Bird protection organisation the RSPB is offering a £1,000 reward for information leading to a conviction after a marsh harrier was found poisoned on Goxhill marshes.
The dead bird was discovered on top of a large bush by a local bird-watcher who was monitoring a breeding pair of harriers in the area.
The position of the dead bird aroused his suspicion as its spread wings suggested it had fallen from the sky.
The RSPB’s investigations team were alerted about the incident and collected the bird.
Analysis was undertaken by Natural England under the Wildlife Incident Investigation Scheme (WIIS).
The post-mortem found residue of the agricultural pesticide aldicarb, which is often used to illegally kill birds of prey through the lacing of bait.
The marsh harrier is a rare breeding bird of prey with fewer than 400 pairs in the UK.
Habitat loss and persecution almost drove to the marsh harrier to extinction in Britain.
In 1971 there was only one pair left in the whole of Britain but the population has started to recover well in the last 40 years.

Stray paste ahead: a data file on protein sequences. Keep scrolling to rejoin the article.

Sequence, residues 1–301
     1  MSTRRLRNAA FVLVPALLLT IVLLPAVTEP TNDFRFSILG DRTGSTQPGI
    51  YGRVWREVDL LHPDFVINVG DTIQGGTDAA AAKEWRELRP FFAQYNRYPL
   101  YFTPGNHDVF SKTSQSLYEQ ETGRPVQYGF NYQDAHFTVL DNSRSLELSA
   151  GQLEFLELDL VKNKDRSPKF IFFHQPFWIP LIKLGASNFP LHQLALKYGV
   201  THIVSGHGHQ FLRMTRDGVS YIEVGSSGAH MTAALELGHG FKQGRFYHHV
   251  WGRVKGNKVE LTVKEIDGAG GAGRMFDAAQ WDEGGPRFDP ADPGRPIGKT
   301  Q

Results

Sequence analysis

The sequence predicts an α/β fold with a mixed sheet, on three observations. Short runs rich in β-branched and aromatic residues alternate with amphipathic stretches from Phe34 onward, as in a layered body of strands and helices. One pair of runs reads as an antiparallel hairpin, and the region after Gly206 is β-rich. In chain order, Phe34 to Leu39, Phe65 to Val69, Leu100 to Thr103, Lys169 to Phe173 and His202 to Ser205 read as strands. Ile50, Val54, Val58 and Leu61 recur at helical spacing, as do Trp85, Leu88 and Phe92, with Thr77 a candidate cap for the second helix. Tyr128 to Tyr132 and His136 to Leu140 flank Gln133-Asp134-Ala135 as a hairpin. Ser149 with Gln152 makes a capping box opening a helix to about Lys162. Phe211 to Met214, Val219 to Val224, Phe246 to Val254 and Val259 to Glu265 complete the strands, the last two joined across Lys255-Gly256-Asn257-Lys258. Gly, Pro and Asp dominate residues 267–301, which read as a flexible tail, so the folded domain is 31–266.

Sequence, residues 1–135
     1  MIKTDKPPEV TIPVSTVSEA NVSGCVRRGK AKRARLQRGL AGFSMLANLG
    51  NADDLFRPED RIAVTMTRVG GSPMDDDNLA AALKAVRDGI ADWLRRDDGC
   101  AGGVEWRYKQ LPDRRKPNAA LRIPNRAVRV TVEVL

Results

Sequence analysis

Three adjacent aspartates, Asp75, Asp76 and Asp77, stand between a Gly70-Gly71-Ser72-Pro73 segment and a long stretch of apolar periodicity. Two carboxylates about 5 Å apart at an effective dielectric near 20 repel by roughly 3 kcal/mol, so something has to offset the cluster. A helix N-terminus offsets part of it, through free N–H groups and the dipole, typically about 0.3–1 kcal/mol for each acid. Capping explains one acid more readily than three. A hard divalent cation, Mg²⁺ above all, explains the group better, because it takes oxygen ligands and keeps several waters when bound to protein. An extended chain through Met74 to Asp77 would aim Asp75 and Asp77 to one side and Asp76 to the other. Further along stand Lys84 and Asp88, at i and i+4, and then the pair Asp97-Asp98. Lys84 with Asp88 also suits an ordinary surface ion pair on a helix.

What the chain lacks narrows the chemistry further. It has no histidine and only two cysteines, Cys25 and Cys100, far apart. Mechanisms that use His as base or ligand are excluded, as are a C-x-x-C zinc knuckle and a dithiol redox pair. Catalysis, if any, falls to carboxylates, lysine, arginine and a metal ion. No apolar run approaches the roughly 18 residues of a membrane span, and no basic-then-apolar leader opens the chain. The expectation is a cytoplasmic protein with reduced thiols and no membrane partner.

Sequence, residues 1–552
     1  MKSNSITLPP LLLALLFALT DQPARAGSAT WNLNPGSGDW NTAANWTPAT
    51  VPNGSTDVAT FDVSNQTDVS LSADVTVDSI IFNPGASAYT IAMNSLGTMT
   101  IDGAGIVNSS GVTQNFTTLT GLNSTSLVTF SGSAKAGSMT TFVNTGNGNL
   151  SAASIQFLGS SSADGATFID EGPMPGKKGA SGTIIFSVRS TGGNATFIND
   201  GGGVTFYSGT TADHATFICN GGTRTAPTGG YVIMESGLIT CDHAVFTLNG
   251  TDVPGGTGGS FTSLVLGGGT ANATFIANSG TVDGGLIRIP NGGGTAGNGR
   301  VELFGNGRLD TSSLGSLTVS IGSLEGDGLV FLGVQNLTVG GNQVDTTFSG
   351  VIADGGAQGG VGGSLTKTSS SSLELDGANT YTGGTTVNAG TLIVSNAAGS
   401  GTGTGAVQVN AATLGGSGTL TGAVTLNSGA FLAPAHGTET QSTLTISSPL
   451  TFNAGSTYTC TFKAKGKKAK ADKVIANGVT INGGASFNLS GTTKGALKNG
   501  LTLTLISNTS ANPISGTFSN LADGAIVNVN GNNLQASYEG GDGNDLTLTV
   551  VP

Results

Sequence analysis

It typically breeds in lowland wetland and farmland and will take a wide variety of prey.
But like many other birds of prey it continues to suffer from illegal persecution.
Most of the population is based in eastern and south east England with a few pairs also breeding on the east coast in Scotland.
Their local breeding stronghold is RSPB Blacktoft, near Goole, which had 12 nests this year.
Mark Thomas, RSPB Senior Investigations Officer, said: “This is another appalling example of the crimes which continue to be committed against birds of prey.
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